The same trends are reflected in Canada’s largest provinces. Compared to the national average, federal transfers to persons in Ontario, Quebec, British Columbia and Alberta have been relatively stable, rising in times of economic downturn, falling during an economic recovery and otherwise stable.
In the remaining provinces, two different trends are evident. In the Atlantic provinces, federal transfers to persons have been falling relative to the national average, reflecting in part the fact that economic growth in that region outpaced the rest of Canada through the 1990s. On the other hand, federal transfers to persons in Saskatchewan and Manitoba have risen since the early 1980s, reflecting in part the fact that incomes in those two provinces have not risen at the same rate as elsewhere in Canada.
The third-largest, and fastest-growing, category of federal spending is transfer payments to the provincial governments. This category of federal spending consists of two distinct types of transfer: those for which all provinces qualify; and those which only certain provinces receive. The Canada Health Transfer (CHT) is the most significant example of the former and the Equalization Program, the latter.
Federal transfers to provinces have the widest variation of any category of per capita federal spending. These transfers are much higher in Atlantic Canada, Manitoba and Saskatchewan than in the other four provinces. In 2004, transfers were highest in Prince Edward Island at $3,068 per capita. At the other end of the spectrum was Ontario, which received $910 per person.
As shown in Figure 10, this wide range is largely a reflection of the effect of Equalization payments. Only certain provinces qualify for Equalization, and payments vary significantly from one province to the next. In 2004, for example, eight provinces qualified for the transfers, with per capita payments ranging from $141 in British Columbia to $1,927 in Prince Edward Island.(7) In the case of Prince Edward Island, Equalization payments represented a little more than half of total federal transfers to the provincial government that year. Alberta and Ontario received no Equalization payments in 2004.
However, even programs such as the CHT have an Equalization component that contributes to the wide range among federal transfers by province. The CHT consists of a combination of tax points (transferred from the federal government to the provinces in 1977) and annual cash payments. The total transfer (cash plus the annual value of the tax points) is distributed on an equal-per-capita basis. However, since some provinces are richer than others, they are able to collect more money per capita at any given tax rate. In other words, the value of tax points is higher in richer provinces. Since the overall CHT is an equal-per-capita transfer, this means that the cash component – the only actual transfer that takes place each year – is consequently lower in rich provinces.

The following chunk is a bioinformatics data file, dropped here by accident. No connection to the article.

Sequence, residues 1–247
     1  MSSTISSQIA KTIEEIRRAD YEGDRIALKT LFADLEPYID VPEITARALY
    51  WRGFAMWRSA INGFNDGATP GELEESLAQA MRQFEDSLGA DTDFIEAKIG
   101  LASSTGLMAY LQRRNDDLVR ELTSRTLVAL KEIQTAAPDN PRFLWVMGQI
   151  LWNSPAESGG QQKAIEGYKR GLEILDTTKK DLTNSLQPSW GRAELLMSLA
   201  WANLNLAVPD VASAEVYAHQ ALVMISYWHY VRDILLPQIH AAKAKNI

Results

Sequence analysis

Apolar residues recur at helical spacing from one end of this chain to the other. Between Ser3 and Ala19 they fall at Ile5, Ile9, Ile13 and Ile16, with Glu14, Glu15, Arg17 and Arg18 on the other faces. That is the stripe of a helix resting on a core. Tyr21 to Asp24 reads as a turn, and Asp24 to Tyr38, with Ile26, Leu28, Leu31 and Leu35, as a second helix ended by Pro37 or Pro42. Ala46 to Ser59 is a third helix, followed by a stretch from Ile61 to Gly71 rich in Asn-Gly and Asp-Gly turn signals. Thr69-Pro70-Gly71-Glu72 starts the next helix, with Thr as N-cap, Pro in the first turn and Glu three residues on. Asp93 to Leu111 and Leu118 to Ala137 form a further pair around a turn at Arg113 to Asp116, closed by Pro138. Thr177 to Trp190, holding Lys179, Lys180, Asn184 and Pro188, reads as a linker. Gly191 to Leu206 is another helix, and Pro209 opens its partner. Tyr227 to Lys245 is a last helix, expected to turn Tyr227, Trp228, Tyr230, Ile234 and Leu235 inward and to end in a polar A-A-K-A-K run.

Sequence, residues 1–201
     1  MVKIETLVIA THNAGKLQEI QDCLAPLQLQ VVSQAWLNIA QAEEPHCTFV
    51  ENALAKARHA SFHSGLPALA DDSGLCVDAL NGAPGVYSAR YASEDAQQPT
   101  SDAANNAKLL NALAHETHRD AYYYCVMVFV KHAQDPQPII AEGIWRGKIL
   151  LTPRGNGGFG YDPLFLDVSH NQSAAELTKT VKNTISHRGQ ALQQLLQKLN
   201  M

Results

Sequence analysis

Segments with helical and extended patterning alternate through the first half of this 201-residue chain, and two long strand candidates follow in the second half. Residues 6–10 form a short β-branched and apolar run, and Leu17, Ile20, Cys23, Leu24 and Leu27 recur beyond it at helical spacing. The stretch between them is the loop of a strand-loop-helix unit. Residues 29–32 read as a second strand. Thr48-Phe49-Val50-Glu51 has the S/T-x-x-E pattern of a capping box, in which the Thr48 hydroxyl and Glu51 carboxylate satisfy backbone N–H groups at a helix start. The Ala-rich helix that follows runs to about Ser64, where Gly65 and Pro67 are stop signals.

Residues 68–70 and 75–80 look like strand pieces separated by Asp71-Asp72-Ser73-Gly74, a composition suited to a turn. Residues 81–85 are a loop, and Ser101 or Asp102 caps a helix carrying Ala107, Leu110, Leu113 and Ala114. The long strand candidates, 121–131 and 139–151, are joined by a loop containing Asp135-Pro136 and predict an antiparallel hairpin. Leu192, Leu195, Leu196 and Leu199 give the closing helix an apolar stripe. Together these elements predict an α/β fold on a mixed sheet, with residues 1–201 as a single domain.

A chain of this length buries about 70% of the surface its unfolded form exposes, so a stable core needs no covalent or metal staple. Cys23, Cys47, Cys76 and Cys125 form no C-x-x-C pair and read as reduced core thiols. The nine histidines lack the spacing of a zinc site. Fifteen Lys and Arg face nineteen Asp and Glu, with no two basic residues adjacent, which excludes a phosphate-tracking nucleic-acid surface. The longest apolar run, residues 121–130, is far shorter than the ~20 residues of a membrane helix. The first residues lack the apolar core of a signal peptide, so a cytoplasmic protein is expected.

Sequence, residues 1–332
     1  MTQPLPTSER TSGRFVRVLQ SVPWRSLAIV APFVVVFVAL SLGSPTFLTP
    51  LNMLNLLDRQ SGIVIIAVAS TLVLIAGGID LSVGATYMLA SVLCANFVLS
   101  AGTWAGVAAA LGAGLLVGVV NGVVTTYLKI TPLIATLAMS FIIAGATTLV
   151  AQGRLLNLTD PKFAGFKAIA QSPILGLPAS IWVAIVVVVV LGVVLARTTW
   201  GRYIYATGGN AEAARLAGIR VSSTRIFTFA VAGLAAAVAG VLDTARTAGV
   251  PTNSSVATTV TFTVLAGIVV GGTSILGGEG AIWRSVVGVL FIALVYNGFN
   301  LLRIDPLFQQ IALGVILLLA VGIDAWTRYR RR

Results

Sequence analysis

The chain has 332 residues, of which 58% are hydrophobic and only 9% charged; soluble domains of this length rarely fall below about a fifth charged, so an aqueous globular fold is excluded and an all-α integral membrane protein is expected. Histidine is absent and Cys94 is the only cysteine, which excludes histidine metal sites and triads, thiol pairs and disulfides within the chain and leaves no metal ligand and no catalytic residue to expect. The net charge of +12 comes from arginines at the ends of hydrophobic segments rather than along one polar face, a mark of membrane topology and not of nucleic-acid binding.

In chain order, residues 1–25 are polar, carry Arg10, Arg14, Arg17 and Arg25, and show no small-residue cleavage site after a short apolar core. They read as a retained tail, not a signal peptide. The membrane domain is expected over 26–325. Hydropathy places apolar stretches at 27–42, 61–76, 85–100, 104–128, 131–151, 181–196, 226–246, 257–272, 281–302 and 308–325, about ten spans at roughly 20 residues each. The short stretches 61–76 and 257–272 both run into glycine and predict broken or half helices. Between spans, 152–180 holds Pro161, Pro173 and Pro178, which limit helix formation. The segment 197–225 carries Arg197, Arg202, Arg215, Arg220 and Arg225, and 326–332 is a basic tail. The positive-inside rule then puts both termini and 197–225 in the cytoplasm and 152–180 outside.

A final issue worth mentioning is unique to Quebec. As Figure 10 shows, Quebec receives the smallest amount in non-equalization federal transfers to provinces. This is a holdover from a federal initiative in the 1960s when all provinces were given the option of federal program funding in the form of tax abatements on personal and corporate income taxes, or in the form of cash payments.(8) Quebec was the only province to accept the tax abatement option.
This decision continues to apply today. A portion of the federal government’s transfer payments to the Quebec government comes not in the form of direct cash payments to the province, but indirectly via the tax abatement – essentially a rebate on federal taxes for Quebec residents. The provincial government then levies higher taxes (compared to other provinces) to capture that rebate itself. Since the tax abatement is considered to be part of the federal government’s support for programs such as the CHT and CST, federal cash transfers to Quebec are correspondingly lower.
Critics of the extent to which the federal government redistributes wealth across the provinces usually point to transfers to provinces to make their case. It is not hard to see why, given that this category of federal spending not only has the widest variation from one province to the next, but also directly affects the ability of individual provincial governments to provide services.
Even so, federal transfers to provinces are ultimately based on similar factors as transfers to persons: personal incomes, wealth and economic strength. This is particularly true of the Equalization Program. The purpose of Equalization is to compensate provinces with a relatively weak capacity to generate own-source revenues. This allows those provinces to provide reasonably similar levels of services at comparable levels of taxation. In effect, therefore, Equalization compensates poorer provinces for not having access to the same amount of taxable income and wealth as richer provinces.
It should also be noted that, as in all other areas of federal expenditure, programs such as Equalization are funded using federal revenues, collected from all taxpayers at the same rate. As such, it bears mentioning that Equalization does not transfer money from one provincial government to another; the revenue-generating capacity of provincial governments that do not qualify for Equalization is entirely unaffected by Equalization payments to other provinces.